For many, working in the music and entertainment industry is career path of dreams. With options in publicity, management, performance and more, discovering clarity and finding a way to get your foot in the door can be a difficult task for those unsure of where to navigate. For Katy Richards, the Head of Industry and Scholarship and Entertainment Management teacher, her wealth of industry experience is one that has grown alongside her in the music industry.
Aside from teaching Entertainment Management at Collarts, Katy is recognised in the industry for her hard work as the owner and operator of Ground Control Event Services. Taking care of touring logistics for huge international acts, Katy has worked with acts including Coldplay, Adele, Beyonce, Bluesfest sideshows, and much more. Asking Katy for advice, here are the first steps you can take in building a sustainable and passionate career in the music industry.
Volunteering at festivals or events is a very easy way to get experience. Make sure you let the volunteer coordinator know that you are interested in entering the industry or if you have other event experience, as you may get a position with more responsibility.
The more experience you have the better. Volunteering is a great way to build up your skills and your networks. It’s not uncommon to volunteer at a festival one year and have a paid job at the same festival the next. Be keen, do a great job and doors will open for you.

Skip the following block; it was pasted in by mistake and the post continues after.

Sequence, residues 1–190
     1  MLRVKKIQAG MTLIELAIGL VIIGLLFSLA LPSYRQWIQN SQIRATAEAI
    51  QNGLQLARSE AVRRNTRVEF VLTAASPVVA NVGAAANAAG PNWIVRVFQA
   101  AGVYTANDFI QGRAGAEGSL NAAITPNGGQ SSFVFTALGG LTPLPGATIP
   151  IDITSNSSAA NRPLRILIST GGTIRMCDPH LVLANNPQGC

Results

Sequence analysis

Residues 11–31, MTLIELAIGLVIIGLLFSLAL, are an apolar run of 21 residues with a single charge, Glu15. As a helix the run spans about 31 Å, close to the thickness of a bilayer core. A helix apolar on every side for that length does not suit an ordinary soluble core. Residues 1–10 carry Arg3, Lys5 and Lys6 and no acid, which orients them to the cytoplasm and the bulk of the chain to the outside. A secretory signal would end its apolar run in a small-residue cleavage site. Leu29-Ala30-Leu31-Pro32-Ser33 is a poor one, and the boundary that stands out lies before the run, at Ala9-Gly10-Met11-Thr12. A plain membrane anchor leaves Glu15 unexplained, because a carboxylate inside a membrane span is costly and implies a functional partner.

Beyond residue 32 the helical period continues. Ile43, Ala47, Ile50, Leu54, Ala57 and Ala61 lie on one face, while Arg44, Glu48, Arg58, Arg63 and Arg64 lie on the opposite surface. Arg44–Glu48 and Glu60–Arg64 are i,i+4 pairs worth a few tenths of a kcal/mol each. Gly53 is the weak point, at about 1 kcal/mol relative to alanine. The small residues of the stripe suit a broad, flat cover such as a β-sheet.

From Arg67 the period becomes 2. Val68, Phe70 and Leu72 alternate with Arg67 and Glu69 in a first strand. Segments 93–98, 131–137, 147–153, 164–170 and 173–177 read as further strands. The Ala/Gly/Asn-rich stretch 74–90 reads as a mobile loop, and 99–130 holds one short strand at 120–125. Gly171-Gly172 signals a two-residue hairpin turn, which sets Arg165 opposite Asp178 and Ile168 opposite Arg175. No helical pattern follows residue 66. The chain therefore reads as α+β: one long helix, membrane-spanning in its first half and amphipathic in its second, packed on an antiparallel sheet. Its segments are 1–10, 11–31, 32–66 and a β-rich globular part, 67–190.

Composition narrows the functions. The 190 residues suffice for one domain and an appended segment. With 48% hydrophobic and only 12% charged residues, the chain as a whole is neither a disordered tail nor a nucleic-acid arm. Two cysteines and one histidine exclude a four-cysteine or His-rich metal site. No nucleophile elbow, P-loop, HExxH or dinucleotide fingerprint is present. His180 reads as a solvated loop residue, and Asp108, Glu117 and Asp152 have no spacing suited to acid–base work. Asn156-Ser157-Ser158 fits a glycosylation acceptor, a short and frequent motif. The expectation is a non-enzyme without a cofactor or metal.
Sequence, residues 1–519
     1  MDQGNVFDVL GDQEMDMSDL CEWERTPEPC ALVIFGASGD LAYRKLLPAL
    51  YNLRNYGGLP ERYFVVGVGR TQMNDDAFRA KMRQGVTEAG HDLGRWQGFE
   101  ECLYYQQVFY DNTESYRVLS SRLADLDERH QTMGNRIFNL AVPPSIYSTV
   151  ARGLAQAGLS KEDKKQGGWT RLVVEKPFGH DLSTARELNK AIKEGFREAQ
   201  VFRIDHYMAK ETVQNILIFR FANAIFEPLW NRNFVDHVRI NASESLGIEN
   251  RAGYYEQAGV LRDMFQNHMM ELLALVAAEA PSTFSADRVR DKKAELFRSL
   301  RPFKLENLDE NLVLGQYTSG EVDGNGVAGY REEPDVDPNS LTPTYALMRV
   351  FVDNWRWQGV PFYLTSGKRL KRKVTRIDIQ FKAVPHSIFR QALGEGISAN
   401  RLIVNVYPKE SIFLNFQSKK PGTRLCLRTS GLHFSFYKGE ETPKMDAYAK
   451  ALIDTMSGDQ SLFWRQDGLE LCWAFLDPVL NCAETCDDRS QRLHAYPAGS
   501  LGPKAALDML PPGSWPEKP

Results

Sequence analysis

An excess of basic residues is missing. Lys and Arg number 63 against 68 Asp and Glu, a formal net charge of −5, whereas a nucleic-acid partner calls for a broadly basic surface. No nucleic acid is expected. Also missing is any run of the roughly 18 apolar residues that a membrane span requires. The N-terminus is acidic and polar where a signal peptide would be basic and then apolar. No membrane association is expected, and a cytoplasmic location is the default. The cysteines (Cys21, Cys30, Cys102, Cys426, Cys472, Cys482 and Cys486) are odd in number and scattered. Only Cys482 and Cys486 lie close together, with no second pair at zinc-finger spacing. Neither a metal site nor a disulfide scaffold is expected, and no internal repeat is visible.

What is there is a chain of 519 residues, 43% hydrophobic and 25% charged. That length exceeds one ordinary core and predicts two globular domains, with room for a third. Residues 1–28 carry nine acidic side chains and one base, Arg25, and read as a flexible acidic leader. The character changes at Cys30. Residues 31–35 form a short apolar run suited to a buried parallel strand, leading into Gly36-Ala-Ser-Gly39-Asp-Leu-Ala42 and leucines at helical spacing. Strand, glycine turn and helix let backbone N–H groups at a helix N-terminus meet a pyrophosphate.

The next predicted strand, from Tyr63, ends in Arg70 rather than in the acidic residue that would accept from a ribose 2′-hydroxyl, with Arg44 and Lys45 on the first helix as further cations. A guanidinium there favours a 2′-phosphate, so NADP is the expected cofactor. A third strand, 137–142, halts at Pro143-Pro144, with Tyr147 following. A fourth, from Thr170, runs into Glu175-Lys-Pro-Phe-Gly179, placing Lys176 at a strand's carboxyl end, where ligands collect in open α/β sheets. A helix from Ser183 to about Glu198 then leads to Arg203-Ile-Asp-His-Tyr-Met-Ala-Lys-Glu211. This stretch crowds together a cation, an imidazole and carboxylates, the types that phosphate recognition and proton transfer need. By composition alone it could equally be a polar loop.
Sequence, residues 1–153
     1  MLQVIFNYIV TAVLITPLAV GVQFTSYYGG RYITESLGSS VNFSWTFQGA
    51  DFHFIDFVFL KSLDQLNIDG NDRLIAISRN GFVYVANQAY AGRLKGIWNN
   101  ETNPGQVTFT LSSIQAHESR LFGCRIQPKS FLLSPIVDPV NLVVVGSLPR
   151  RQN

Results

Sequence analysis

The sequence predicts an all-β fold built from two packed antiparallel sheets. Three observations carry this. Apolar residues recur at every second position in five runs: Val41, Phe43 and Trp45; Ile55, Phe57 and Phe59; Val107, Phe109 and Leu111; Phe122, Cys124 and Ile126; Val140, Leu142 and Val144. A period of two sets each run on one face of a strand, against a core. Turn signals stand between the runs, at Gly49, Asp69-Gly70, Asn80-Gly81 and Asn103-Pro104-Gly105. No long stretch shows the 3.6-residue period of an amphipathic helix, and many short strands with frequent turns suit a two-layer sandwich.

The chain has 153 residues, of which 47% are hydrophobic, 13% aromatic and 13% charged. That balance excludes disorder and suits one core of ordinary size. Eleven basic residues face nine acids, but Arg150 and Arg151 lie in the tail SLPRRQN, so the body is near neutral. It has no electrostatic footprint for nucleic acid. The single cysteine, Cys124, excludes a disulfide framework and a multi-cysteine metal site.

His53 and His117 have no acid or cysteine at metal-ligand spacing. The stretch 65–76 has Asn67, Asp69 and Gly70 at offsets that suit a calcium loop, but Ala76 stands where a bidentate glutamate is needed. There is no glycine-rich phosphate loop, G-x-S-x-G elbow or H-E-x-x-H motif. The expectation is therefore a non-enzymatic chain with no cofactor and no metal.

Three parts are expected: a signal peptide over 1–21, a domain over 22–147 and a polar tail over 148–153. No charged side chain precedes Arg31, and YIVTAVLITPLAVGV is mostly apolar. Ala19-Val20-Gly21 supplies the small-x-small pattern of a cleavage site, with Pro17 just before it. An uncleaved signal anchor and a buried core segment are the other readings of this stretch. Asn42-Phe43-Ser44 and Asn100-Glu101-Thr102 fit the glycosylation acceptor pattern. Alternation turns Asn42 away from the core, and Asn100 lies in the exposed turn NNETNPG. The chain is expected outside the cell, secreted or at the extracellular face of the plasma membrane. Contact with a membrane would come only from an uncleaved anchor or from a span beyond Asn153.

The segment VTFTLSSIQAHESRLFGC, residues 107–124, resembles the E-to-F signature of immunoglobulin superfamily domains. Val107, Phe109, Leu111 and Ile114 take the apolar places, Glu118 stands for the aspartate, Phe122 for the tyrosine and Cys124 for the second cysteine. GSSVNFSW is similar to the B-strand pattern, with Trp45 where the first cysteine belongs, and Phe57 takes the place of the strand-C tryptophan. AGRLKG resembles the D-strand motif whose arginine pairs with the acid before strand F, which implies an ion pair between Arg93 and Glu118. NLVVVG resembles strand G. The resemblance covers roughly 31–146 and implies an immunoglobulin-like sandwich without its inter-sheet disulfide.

Be the person people want to work with.
Event, festival and concert organisers surround themselves with people that they want to work with. You are unlikely to find these opportunities on job-search websites. The more you can build up your network, the more people there are in your world to offer you work.
Don’t act like a fan.
We all enter the music business because we are fans of music, but if you get the chance to work with some of the artists that you love, you have to keep it together. Acting like a fan when you are working a show is the best way to exit the industry.
Think outside of the square.
There are so many ways you can get paid work at events – from companies that hire loaders to load gear in and out of venues, to AV hire companies and ticketing. These jobs will give you insight into how shows, however big or small, come together and will help build your network.
Get business savvy.
You are likely to work as a freelancer so learn some basic business skills: get yourself an ABN, write invoices, manage your taxes, and take care of your super. This is all boring stuff, but when you freelance you are managing your own business.
Get a mentor.
In fact, get several. Think about who you would like to mentor you and ask them. After all, what do you have to lose? They may just say yes. They may just even provide you with opportunities. Offer to take them out for a meal or coffee and make sure that you have questions prepared.
Do a course.
Studying is not only a great way to learn about the industry but the teachers are often working in the industry and can provide opportunities that are hard to find on your own when you are starting out.
Don’t turn down work just because it’s not the music or type of work you are into. Any experience will expand you as a person and worker and will lead you towards your career goal. Once you are established in the industry you can be more particular about what you do.
Hard work and integrity will get you everywhere.
If you are willing to work hard and long hours, be flexible and pleasant to work with, you will make it in the business. Always go above and beyond and be efficient. Remember you are only as good as your last gig so do it well.
This article was originally posted in Beat Magazine and has been edited for reading purposes.
Passionate about getting real experience out of your studies and becoming an expert in the industry? Check out our course in Entertainment Management or come along to our next Open Day. Applications for 2018 are now open!